| About the Guideline and Calculator
What's new in the Guideline
| Version 1.0 2023
1. Different age groups for risk assessment
A broader range of people without known CVD aged 45 to 79 years are recommended to use the new Australian cardiovascular disease risk calculator.
Target age ranges for risk assessment have also been tailored according to diabetes and First Nations status (for people without known CVD):
- people with diabetes should have their CVD risk assessed using the Australian cardiovascular disease risk calculator from age 35-79 years.
- First Nations people should have their CVD risk assessed using the Australian cardiovascular disease risk calculator from age 30-79 years.
- First Nations people aged 18-29 years should have their individual risk factors assessed.
2. New Australian cardiovascular disease risk calculator
The new Australian cardiovascular disease risk calculator (Aus CVD Risk Calculator) is based on the PREDICT-1° equation which was developed from a large New Zealand population cohort study. The calculator has been recalibrated and modified for the Australian population and health setting.
The Aus CVD Risk Calculator includes optional risk factors not included in the previous Framingham-based equation, including geographical area (using residential postcodes as markers of area-level deprivation) and a diagnosis of atrial fibrillation.
The Aus CVD Risk Calculator allows for improved CVD risk estimation in people with type 2 diabetes, factoring in glycated haemoglobin (HbA1c), time since diagnosis of diabetes (measured in years), urinary albumin-to-creatinine ratio (uACR), estimated glomerular filtration rate (eGFR), body mass index (BMI) and the use of insulin in the previous 6 months.
The Aus CVD Risk Calculator can be used for people being treated with blood pressure-lowering, lipid-modifying and/or antithrombotic pharmacotherapy, as it includes a variable that accounts for treatment.
3. Redefined risk categories
Risk estimates represent the chance of having a cardiovascular event in the next 5 years. New risk categories have been defined according to the new Aus CVD Risk Calculator which provides a more accurate risk prediction than the previous calculator.
The new categories are not directly interchangeable with previous 2012 Guidelines for the management of absolute cardiovascular disease risk equation categories. This difference has resulted in different risk percentile ranges for high, intermediate and low risk classifications.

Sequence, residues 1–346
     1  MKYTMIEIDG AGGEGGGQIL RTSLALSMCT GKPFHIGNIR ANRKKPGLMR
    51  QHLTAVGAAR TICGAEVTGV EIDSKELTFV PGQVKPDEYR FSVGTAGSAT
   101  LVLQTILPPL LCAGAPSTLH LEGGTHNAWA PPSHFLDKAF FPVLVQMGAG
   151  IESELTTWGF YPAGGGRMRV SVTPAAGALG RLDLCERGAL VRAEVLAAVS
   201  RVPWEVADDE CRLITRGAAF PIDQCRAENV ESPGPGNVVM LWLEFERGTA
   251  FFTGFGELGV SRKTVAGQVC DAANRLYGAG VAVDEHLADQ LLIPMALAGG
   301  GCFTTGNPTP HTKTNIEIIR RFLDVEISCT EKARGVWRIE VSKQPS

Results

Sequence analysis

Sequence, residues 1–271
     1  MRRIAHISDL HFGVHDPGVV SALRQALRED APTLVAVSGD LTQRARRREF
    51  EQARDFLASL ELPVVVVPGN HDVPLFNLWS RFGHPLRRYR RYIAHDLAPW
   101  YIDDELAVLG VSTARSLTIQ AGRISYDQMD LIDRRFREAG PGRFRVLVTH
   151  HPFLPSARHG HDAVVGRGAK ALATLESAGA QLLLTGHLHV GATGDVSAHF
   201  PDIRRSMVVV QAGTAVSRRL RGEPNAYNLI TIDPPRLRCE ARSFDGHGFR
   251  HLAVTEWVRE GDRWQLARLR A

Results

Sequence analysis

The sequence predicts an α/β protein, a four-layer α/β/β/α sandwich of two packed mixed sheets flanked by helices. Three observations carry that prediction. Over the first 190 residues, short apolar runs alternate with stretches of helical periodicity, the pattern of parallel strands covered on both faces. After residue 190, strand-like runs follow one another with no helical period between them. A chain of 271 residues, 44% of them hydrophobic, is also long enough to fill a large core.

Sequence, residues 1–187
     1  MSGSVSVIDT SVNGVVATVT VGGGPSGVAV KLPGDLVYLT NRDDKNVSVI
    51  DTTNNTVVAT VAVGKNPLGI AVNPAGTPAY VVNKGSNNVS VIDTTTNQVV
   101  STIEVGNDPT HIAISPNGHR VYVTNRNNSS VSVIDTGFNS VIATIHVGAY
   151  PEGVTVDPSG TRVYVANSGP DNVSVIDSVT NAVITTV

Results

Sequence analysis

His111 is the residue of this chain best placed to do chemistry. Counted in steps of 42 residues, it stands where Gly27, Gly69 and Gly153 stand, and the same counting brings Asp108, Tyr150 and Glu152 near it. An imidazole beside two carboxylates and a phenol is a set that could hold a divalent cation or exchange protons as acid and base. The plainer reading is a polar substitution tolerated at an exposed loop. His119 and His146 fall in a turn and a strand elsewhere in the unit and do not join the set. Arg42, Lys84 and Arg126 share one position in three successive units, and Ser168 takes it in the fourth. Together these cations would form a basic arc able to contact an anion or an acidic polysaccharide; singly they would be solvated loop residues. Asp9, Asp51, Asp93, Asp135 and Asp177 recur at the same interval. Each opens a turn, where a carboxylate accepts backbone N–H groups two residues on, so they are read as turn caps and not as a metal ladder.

The new CVD risk categories are:
- high (≥10% risk over 5 years)
- intermediate (5 to <10% risk over 5 years)
- low (<5% risk over 5 years).
4. Reclassification factors
New guidance has been provided on factors that may help clinicians refine and reclassify risk estimates when using the Aus CVD Risk Calculator; this is particularly relevant for people whose estimated risk is close to the threshold of another risk category.
Reclassification factors include ethnicity, eGFR and uACR measurements, severe mental illness, a coronary artery calcium score and family history of premature CVD.b
5. Communicating risk
There is a new emphasis on communicating CVD risk effectively, with recommendations to use a relevant decision aid to support effective risk communication and informed decision making, and combine risk communication tools with behavioural strategies to reduce CVD risk.
6. Considerations for First Nations people
Specific recommendations, resources and practice points for First Nations people have been embedded throughout the guideline.
7. Pregnancy complications
New information is provided about the association between CVD risk and pregnancy complications such as hypertensive disorders of pregnancy (including pre-eclampsia) and gestational diabetes.
8. New terminology
The term ‘risk estimate’ is preferred over ‘absolute risk’ in this guideline as the output of the new Australian cardiovascular disease risk calculator is an estimate of the overall individual risk of a person that considers multiple CVD risk factors specific to that person.
- Severe mental illness: current or recent mental health condition requiring specialist treatment, whether received or not, in the 5 years prior to the CVD risk assessment. Derived from PREDICT cohort.50
- Family history of premature CVD: coronary heart disease or stroke in a first-degree female relative aged <65 years or a first-degree male relative aged <55 years.